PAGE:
The relative density of a green sheet is generally around 60%, and basically the shrinkage factors of the two materials should move closer together when the filling ratio of the tungsten powder is also closer to 60%, and this is believed to allow cracking and so forth to be avoided. Unfortunately, other factors need to be taken into account in actual practice. Specifically, the tungsten powder filled into the through-hole shrinks uniformly in both the planar and the thickness direction during sintering, whereas the green sheet has residual stress from the production of the sheet with a doctor blade or the like, so its shrinkage is different in the planar and thickness directions, with the shrinkage being greater in the thickness direction than in the planar direction. Furthermore, the shrinkage factor differs even in the planar direction. Also, since tungsten does not sinter completely compactly at the sintering temperature of aluminum nitride, the density after sintering is lower than that of pure tungsten. The optimal filling ratio of tungsten must be determined while taking into account these factors.

Actual experiments have revealed that if the filling ratio of tungsten powder is less than 30%, the shrinkage factor during sintering of the tungsten portion will be too high, so cracks in the via cannot be avoided. On the other hand, if the filling ratio of tungsten powder is greater than 70%, the shrinkage factor of the via will be lower than that of the aluminum nitride matrix, so cracks will develop in the aluminum nitride matrix. A characteristic of these cracks is that they radiate out from the via.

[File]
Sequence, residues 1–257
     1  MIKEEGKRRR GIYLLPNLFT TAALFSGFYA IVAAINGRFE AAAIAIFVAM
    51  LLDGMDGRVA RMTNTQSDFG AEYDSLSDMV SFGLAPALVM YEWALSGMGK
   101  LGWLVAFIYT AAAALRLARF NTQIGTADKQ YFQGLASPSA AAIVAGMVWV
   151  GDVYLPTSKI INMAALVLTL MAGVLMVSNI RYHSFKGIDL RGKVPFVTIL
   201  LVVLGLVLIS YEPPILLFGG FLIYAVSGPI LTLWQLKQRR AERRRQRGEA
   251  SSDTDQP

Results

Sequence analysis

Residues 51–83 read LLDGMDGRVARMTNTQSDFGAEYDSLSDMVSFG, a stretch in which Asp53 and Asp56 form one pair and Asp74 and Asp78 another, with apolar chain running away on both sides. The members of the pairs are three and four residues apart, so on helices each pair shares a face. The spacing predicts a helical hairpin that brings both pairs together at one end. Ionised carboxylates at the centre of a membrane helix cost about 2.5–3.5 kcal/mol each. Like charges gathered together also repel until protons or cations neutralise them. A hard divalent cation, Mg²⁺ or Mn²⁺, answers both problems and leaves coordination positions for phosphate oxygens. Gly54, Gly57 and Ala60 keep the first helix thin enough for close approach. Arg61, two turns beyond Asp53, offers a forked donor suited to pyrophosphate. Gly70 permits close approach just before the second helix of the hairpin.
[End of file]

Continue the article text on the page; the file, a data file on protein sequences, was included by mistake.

The filling ratio of the tungsten powder inside the through-hole is preferably 40 to 50%. Although there will be no cracks in the via if the filling ratio is less than 40%, the surface of the through-hole may sink, which is caused by the shrinkage factor of tungsten being greater than that of aluminum nitride. Accordingly, when the sheet has a laminated structure as discussed below, conduction between the upper and lower surfaces will be ensured by the through-hole, but the contact surface area will decrease due to the sinkage of the via surface. This is accompanied by an increase in contact resistance, which hampers efforts at lowering the resistance of the metallization layer.